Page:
Child Recruitment and Use during Armed Conflicts by Muslims between International Law and Islamic Law

  • Rebaz R. Khdir Postdoctoral Fellow, Faculty of Law, Complutense University of Madrid, Spain Lecturer in Public Law, School of Law, University of Raparin, Ranya, Iraq
Keywords: Child recruitment and use, international law, Islamic law, puberty, ta’zir crime, the ICC

Abstract

Child recruitment is an ancient military concept but a modern legal term. The term is defined as a war crime and includes the acts of conscription, enrolment or use of children below the age of 15 during armed conflict. According to the 2018 report of the UN Secretary General, most of the violations documented against children during armed conflicts, in 2017, were perpetrated by Muslims and the majority of the violations were the cases of military recruitment and use. Meanwhile, Islam guarantees the human rights of children and safeguards their protection from military involvement. The Islamic primary and secondary sources entail considerable and substantial evidence according to which people under the age of puberty are exempted from and not allowed to participate in battle. Yet, Muslims have often recruited and used children in deadly political and sectarian conflicts, and Islamic courts have never prosecuted anyone for such a practice. This article, based on comparative and descriptive analysis, argues that the Muslim states and groups that recruit and use children during armed conflicts are in violation of international law and Islamic law. Islamic law works in tandem with international law in the prohibition and criminalization of child recruitment and use.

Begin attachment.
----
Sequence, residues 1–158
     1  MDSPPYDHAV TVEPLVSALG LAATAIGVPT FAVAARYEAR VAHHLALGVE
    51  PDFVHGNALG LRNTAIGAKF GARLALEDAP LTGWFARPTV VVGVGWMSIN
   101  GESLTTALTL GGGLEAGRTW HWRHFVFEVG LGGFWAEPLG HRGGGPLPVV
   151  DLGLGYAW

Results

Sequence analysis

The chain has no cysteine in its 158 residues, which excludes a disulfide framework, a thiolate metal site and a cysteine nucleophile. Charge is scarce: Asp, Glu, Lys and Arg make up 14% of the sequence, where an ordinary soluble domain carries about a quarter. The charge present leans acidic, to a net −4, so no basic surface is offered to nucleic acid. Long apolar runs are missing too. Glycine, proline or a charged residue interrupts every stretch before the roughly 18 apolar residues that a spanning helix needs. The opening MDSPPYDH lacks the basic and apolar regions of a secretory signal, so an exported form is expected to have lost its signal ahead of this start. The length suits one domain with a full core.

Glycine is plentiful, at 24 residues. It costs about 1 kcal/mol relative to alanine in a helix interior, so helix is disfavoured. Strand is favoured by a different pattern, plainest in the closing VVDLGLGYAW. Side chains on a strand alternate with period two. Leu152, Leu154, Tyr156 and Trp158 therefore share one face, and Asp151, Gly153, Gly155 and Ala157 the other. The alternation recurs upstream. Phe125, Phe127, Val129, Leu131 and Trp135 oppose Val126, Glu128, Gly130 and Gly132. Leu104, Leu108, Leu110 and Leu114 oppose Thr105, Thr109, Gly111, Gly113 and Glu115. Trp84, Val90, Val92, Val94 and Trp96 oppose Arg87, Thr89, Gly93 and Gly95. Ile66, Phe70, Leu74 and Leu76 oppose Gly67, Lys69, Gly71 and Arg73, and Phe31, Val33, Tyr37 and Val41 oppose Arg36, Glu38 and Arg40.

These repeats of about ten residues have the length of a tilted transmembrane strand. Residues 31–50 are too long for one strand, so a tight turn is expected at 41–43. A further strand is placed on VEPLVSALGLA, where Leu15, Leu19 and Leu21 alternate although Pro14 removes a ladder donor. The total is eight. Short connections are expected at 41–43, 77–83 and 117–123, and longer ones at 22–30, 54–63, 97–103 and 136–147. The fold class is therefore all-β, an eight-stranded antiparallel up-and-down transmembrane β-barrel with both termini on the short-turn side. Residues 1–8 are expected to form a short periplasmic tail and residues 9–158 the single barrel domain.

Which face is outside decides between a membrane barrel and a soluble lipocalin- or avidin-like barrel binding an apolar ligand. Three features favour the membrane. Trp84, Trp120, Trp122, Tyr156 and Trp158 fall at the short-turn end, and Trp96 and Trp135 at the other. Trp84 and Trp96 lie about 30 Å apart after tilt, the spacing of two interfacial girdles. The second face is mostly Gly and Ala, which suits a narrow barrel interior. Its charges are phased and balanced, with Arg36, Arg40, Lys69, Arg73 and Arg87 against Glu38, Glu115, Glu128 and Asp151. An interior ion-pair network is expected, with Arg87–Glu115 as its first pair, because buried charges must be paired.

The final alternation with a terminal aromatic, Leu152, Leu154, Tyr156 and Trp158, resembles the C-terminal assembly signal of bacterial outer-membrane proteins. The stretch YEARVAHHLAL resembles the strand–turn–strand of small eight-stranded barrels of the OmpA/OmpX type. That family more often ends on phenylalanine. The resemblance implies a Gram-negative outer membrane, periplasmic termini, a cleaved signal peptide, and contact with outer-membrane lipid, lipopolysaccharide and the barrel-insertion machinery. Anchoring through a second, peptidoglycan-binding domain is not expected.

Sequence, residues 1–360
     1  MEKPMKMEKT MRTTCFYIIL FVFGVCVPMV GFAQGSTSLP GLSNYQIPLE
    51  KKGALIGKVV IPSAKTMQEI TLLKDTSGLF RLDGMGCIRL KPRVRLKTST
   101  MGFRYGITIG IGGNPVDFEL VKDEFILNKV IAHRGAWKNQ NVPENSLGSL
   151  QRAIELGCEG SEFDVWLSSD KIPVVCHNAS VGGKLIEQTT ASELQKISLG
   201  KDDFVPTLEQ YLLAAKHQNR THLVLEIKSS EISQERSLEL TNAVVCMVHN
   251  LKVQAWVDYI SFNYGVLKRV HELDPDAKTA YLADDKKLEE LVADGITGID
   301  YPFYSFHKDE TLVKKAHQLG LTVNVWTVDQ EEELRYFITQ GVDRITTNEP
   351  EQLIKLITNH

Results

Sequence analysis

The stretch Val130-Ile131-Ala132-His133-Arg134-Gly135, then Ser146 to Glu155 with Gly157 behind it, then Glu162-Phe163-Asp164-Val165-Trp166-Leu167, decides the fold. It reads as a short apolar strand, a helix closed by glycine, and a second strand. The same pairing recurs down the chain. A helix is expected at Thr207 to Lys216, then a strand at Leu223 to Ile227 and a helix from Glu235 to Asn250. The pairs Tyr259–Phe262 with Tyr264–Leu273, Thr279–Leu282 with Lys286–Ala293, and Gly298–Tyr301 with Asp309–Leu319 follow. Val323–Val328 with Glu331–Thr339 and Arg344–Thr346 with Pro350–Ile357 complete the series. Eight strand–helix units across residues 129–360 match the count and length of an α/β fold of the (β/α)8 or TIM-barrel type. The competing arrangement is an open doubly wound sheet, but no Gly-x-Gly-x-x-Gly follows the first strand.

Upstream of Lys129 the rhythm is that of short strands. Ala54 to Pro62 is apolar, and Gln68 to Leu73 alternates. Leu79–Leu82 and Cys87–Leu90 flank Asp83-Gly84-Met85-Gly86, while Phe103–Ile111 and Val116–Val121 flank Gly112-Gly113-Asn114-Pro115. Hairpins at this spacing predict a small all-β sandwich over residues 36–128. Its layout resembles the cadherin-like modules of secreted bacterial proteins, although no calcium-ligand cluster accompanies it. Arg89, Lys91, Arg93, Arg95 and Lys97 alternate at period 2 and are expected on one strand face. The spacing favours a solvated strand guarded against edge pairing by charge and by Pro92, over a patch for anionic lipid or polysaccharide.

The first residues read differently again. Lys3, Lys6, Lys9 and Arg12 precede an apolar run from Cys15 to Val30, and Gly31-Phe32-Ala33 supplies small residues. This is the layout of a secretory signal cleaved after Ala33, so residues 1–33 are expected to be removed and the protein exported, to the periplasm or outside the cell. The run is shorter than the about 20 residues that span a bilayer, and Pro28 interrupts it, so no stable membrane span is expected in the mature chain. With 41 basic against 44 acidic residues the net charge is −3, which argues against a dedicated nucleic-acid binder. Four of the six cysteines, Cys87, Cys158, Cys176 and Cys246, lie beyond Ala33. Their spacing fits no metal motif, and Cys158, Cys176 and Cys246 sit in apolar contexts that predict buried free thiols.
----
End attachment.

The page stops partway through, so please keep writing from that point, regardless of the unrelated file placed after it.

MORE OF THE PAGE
Downloads

Download data is not yet available.

References

1. Abdal-Haqq, I. (2006). Islamic Law: An Overview of its Origin and Elements, In H M Ramadan (ed.) Understanding Islamic Law: From Classical to Contemporary. New York et al.: Alta Mira Press.